Oktoberfest is approaching with its joyful clinks of glasses, jubilant chants, and an ocean of beer aficionados. This iconic German festival is a celebration of culture, unity, and, of course, beer. But as you prepare to raise your mug, it's worth pondering: Do you know your ales? Whether you're a seasoned beer lover or a curious newbie, this guide is your passport to the vibrant world of ales.
Lightly hopped and mildly flavoured, often accompanied by a nutty undertone. Originating from England, its colour and sweetness varies depending on the region. Notable examples include Manns Brown Ale and Newcastle Brown Ale.
Born from malt dried with coke, pale ale was initially termed for its lighter hue. Over the years, it became synonymous with bitter due to its hopped nature. Interestingly, bottled beers retain the pale ale label while cask varieties are often termed bitter.
India Pale Ale (IPA)
This ale was originally exported to India from England's Bow Brewery. Its increased hops content not only acted as a natural preservative but also set the foundation for the IPA style.
A light-colored pale ale, often termed as a summer bitter. Its alcohol strength typically lies between 3.5% and 5.3%.
Native to Scotland, Scotch ales are malty, strong, and showcase hues from amber to dark red. They're often sweeter and less hoppy than their English counterparts.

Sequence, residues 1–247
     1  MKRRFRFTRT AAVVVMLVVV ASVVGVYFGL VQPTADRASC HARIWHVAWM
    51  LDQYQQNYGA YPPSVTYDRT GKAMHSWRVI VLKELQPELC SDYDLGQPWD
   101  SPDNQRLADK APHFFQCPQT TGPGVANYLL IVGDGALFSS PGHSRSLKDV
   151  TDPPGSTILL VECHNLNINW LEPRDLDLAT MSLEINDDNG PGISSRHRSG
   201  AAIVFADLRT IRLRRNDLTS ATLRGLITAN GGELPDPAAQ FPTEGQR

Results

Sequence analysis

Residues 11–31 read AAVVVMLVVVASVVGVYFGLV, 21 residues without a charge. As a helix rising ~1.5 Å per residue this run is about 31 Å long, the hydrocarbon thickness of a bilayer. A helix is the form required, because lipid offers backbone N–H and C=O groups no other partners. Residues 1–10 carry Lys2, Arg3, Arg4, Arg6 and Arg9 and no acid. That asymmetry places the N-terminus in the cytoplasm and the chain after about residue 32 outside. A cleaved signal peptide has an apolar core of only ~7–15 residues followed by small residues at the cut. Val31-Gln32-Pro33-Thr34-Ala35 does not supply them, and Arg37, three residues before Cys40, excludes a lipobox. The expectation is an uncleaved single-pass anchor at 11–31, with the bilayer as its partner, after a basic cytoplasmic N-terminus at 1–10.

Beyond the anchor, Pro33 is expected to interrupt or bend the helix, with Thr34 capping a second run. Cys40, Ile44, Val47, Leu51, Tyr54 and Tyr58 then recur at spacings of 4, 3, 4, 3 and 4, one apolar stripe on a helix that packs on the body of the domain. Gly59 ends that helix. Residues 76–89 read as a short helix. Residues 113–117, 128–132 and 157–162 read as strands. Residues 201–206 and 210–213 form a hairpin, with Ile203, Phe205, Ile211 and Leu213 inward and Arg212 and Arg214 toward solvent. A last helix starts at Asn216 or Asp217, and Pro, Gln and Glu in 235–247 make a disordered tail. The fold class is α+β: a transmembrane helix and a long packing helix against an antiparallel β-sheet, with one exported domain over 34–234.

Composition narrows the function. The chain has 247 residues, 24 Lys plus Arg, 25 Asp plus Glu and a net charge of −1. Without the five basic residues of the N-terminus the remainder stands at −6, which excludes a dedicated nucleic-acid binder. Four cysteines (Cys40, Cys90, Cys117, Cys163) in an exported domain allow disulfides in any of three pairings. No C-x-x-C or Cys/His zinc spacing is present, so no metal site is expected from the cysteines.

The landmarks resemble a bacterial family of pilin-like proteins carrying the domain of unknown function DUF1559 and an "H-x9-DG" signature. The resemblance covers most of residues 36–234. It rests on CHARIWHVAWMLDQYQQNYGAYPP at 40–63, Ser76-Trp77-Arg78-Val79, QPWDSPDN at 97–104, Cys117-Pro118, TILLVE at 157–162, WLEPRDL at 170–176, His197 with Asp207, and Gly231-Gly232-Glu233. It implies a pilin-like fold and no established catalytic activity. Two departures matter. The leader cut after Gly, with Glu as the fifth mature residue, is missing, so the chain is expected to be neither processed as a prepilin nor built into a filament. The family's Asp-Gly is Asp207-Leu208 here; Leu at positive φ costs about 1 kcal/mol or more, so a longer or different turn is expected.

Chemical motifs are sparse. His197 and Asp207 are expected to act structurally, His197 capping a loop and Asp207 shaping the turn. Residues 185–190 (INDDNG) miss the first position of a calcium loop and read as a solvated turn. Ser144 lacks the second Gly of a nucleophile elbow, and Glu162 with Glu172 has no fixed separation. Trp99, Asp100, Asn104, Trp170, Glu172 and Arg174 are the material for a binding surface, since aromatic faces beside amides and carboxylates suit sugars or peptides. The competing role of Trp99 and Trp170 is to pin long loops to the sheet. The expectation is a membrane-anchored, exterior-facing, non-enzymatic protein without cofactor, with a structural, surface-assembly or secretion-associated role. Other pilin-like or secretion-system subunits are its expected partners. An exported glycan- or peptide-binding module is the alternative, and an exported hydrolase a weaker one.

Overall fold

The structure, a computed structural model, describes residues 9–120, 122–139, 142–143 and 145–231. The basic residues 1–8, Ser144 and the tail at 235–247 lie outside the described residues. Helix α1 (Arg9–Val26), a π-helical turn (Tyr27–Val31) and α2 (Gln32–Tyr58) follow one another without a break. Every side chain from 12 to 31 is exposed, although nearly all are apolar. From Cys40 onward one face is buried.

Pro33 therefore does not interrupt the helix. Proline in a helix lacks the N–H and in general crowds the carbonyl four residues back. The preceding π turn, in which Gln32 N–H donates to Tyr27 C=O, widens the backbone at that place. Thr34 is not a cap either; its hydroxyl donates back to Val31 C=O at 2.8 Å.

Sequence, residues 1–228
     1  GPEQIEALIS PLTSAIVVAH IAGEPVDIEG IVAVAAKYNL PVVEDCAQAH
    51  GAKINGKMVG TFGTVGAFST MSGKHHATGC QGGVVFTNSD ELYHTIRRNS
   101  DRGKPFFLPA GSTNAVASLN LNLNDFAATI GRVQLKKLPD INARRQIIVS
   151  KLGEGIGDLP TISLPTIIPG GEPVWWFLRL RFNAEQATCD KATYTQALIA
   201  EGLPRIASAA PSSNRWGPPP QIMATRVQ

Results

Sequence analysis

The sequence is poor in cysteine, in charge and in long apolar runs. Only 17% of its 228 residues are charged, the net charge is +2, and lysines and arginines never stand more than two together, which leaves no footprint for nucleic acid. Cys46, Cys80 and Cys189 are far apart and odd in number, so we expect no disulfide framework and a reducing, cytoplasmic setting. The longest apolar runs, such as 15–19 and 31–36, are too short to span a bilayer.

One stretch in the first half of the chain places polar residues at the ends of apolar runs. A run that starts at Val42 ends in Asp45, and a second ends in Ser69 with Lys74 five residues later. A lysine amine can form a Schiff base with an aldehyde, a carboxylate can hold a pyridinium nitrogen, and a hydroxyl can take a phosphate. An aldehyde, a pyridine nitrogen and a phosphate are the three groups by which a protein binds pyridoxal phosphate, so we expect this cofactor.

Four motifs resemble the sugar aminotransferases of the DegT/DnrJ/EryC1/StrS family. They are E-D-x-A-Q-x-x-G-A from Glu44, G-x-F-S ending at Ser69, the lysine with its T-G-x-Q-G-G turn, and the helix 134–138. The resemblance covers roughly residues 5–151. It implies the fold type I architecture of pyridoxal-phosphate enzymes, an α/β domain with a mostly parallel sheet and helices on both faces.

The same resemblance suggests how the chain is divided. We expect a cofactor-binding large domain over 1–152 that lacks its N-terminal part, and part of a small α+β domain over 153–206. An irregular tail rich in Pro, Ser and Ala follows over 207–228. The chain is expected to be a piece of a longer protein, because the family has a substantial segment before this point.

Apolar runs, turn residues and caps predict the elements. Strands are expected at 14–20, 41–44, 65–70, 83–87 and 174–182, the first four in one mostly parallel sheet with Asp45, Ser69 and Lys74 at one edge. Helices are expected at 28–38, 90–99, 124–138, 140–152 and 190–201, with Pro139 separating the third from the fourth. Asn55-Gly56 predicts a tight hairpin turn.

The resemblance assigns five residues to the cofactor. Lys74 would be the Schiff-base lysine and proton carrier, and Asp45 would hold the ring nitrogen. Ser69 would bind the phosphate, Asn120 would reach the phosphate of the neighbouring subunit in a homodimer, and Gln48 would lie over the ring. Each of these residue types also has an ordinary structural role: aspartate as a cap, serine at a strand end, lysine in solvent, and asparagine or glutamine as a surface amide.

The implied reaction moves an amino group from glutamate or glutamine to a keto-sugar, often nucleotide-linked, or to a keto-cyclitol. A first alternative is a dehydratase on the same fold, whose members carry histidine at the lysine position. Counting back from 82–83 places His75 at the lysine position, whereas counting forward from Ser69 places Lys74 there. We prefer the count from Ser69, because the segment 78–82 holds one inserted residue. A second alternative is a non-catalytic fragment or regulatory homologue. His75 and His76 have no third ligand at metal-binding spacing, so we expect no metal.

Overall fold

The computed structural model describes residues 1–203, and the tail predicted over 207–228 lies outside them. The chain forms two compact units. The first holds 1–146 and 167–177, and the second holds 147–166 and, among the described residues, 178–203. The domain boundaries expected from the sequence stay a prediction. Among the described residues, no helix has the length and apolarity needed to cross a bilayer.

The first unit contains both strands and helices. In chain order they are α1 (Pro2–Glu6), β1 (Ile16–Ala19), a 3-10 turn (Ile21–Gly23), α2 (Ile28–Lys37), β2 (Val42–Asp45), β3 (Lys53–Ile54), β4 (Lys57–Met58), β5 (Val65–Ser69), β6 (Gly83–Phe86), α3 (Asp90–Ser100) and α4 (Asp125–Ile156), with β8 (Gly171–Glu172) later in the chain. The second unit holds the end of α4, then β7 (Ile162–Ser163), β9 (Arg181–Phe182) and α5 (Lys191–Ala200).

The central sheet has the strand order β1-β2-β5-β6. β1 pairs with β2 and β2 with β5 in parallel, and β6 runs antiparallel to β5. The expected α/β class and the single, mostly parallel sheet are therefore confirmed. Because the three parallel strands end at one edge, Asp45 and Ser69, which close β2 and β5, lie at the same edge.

A powerful range of ales with an alcohol content between 6% to 12%. Expect tastes of sweet malt, ripe fruit, and occasionally, darker undertones of chocolate and coffee.
Originating as the opposite of old ale, mild ales can be of any strength or colour. Most tend to be dark brown and have a low alcoholic strength.
A dark, sweet ale, it was traditionally used as stock ale. Bass No. 1 stands out as an iconic Burton ale.
Traditional old ales from England were strong beers aged for about a year. Today, the term is broadly used for medium-strong dark beers.
Belgium boasts of diverse speciality ales, high in alcohol but light in body. The use of sucrose instead of the entire grist makes these ales distinct.
An unfiltered, unpasteurised beer, it's conditioned in a cask without any added gas pressure. In the UK, it's often dubbed as real ale.